The Kia ora coo-ee : the magazine for the ANZACS in the Middle East, 1918
It came out of the air on a wonderful night in June. Ward could not tell what woke him. He rose from the canvas stretcher and walked to the window. A pale moon showed the milk-white sand and powdered coral where a Line of palms, bowed mourner-like under the invisible hand of the flowing trade wind, separated the sand from the dark green of the hill upon which the bungalow stood. Out beyond the bar the Pacific combers tore themselves into white spume on the teeth of coral. The night air held little perfume pockets, floating oases fragrant of wild thyme and hibiscus.
But it was the silence that impressed Ward. It was an extraordinary silence, and the island seemed to be a vast ear, strained and eagerly waiting for some astonishing piece of news that was due at any moment.
Ward, during his ten years' residence on the island, had never felt such a silence. The call of the cicada, that usually shot the nights with little arrows of sound, was hushed; the moan of the tired waves was throttled by thirsty sands; the cooing of palm doves in the trees below the bungalow was absent.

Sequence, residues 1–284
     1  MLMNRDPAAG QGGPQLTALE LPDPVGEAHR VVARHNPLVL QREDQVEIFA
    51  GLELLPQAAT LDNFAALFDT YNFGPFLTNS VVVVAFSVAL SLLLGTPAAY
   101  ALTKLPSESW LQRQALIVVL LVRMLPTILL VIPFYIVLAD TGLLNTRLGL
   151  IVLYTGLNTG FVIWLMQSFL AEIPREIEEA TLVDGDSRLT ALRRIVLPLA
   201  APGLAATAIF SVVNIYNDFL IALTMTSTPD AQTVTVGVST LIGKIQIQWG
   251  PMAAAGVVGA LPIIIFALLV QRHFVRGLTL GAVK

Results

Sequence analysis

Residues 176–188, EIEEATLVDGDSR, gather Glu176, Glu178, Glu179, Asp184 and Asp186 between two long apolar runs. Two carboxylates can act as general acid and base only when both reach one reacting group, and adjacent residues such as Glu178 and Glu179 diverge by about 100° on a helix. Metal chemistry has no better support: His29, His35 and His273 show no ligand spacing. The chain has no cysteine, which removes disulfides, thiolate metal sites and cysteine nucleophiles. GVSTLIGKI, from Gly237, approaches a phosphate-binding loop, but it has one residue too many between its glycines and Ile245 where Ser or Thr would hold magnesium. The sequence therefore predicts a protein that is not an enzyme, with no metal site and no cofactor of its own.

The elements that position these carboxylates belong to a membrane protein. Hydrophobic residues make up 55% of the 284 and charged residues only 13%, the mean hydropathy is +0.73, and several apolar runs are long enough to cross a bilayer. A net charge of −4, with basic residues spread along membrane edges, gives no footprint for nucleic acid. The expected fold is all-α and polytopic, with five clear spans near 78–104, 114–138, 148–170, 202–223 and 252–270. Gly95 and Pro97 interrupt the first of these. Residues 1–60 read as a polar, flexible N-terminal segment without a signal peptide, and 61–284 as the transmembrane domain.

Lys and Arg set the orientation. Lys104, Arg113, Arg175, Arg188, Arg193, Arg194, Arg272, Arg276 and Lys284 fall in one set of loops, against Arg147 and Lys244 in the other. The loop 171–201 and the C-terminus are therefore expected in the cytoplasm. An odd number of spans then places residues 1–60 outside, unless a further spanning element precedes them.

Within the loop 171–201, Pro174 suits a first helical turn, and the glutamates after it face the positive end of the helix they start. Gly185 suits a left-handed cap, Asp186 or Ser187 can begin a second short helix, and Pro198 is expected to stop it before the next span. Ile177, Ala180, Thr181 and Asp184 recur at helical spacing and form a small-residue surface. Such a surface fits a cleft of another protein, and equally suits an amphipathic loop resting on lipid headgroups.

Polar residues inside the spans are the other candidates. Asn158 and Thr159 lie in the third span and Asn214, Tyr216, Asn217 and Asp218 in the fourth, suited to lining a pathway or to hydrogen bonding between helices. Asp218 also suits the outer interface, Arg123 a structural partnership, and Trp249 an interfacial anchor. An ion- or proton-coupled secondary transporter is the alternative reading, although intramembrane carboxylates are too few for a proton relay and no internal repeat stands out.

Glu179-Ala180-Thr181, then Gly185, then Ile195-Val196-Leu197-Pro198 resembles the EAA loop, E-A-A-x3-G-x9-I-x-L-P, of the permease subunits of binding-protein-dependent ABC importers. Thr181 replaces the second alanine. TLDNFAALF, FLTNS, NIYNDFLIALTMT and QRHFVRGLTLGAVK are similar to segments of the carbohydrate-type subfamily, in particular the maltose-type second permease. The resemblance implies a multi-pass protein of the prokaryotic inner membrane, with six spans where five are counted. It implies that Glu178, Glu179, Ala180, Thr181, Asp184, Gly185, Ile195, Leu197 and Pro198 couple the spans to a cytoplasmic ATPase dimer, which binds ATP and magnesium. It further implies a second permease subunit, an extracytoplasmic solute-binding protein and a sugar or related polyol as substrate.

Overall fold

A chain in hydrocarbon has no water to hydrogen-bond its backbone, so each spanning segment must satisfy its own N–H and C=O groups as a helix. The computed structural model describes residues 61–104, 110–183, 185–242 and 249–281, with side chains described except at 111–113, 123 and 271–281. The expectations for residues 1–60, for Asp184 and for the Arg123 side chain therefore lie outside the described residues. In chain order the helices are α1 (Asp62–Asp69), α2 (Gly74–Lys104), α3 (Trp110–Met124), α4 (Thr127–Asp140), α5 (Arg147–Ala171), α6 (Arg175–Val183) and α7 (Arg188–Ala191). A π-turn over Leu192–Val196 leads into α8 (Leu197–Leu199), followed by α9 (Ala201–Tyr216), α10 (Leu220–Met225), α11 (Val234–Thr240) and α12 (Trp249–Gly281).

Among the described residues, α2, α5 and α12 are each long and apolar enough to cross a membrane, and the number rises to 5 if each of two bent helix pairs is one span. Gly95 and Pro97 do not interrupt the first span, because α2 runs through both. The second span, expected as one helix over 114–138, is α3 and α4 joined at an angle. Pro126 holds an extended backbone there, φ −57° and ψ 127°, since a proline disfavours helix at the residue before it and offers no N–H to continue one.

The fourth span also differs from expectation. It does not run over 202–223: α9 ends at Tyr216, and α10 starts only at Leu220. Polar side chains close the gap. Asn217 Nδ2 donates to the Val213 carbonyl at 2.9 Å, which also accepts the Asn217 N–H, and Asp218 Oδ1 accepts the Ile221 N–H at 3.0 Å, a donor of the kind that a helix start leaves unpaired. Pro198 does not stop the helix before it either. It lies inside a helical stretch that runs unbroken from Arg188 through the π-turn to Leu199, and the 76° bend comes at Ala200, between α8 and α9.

Then the call came to Ward out of the air—:a voice from far away that found him on the little lonely island in the South Seas. He listened, jaws clenched, eyes wide, forehead moistened with a cold perspiration that came upon him as his ears caught the call. The sound he heard seemed to seep into his body and race wildly through his nerve centres.
Again the silence returned. Ward breathed heavily. A doubt came to him, and he sent a call into space in a desire tp receive a reply. He called again and again, but he got no answer. He wiped his forehead, stared at his clenched fists, and then ran toward a stretcher in the opposite corner of the room. He was a crazed man. Swevson the big Dane and Ward's plantation partner, sat up on the couch and rubbed his eyes.
"What is wrong?" he asked. "You look as if you had seen a ghost."
"Swevson, " cried Ward, " You remember Dick, whose laughter used to be good to hear when he sat in this very hut. I told you that I had a letter from him last week. He was somewhere in Palestine. Swevson, I am as sane as any ten men in the South Seas, but Dick called to me to-night, and his comrades called to me. There were thousands of them, and they wanted help."
The Dane rose to his feet and placed a hand on Ward's shoulder.
"Mate," he said, "you have got a fool idea into your head, and all that you heard was the cry of the gulls on the outer reef."
"No, no," cried Ward. "They called to me. It was the cry of a million fighting men. There are things in this world that you or I, or ten thousand like us, cannot fathom. Sometimes we think that we are very wise, and then we find we are fools. Those men called to me to-night, and I'm going to them. Swevson, I've been a coward, a squirming jellyfish